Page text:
Take the 2-minute tour ×
Stack Overflow is a question and answer site for professional and enthusiast programmers. It's 100% free.

As I understand large margin effect in SVM:

For example let's look at this image:

SVM

In SVM optimization objective by regularization term we trying to find a set of parameters, where the norm of (parameters vector) theta is small. So we must find vector theta which is small and projections of positive examples (p) on this vector large (to compensate small Theta vector for inner product). In the same time large p gives us large margin. In this image we find ideal theta, and big p with it (and large margin):

SVM2

My question:

Why logistic regression is not large margin classifier? In LR we minimize Theta vector in regularization term in the same way. Maybe I did not understand something, if so - correct me.

I've used images and theory from Coursera ml class.

share|improve this question

closed as off topic by Scharron, rene, jonsca, tereško, Andrew Aug 30 '12 at 21:31

Questions on Stack Overflow are expected to relate to programming within the scope defined by the community. Consider editing the question or leaving comments for improvement if you believe the question can be reworded to fit within the scope. Read more about reopening questions here. If this question can be reworded to fit the rules in the help center, please edit the question.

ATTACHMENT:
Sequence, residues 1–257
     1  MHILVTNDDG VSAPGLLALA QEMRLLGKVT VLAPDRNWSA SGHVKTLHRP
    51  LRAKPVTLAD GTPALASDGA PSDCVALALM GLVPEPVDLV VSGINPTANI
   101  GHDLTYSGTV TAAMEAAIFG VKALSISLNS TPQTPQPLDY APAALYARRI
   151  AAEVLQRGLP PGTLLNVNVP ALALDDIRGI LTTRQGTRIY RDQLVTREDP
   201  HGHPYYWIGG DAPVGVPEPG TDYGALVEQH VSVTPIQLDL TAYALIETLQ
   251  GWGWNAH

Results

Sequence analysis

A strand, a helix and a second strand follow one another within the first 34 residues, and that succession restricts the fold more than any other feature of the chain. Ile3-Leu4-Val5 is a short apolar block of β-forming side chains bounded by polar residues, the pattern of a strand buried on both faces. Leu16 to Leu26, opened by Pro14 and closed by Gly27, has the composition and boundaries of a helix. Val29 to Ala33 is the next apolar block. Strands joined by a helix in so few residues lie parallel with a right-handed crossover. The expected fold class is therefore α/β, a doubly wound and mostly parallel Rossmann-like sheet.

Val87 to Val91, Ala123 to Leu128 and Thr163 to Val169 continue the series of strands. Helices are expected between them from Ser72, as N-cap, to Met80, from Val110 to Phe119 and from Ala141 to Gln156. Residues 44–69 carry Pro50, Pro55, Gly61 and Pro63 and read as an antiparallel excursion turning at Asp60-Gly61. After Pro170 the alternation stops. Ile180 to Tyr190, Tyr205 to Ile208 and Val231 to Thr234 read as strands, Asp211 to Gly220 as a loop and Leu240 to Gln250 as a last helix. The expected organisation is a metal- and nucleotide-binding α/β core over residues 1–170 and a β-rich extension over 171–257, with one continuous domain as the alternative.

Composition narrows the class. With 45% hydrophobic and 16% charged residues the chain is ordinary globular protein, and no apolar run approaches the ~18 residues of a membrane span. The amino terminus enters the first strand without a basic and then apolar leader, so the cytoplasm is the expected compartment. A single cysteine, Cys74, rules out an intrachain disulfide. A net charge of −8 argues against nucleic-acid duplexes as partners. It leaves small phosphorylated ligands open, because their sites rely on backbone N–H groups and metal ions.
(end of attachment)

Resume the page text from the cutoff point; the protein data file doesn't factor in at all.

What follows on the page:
1 Answer 1

up vote 0 down vote accepted

Logistic Regression is a large margin loss. Lecun mentions this in one or more of his papers on energy-based learning.

To see that LR does induce a margin, it is easier to look at the softmax loss (which is equivalent to LR).

There are two terms in the softmax loss: L(z)=z_{true} - log(\sum_i \exp(z_i))

which means that the distance of an example from its true decision boundary needs to beat the log sum of the distances from all of the decision boundaries.

Because the softmax function is a probability distribution, the largest the log softmax can be is 0, so the log softmax returns a negative value (i.e. a penalty) that approaches 0 as the probability of the true class under the softmax function approaches 1.

share|improve this answer

Not the answer you're looking for? Browse other questions tagged or ask your own question.